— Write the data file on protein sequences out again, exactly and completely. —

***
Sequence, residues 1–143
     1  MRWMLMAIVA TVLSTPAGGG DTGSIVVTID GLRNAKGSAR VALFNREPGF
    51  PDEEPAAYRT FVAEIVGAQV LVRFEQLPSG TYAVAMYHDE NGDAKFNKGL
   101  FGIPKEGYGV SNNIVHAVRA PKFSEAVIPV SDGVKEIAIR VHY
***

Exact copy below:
Sequence, residues 1–143
     1  MRWMLMAIVA TVLSTPAGGG DTGSIVVTID GLRNAKGSAR VALFNREPGF
    51  PDEEPAAYRT FVAEIVGAQV LVRFEQLPSG TYAVAMYHDE NGDAKFNKGL
   101  FGIPKEGYGV SNNIVHAVRA PKFSEAVIPV SDGVKEIAIR VHY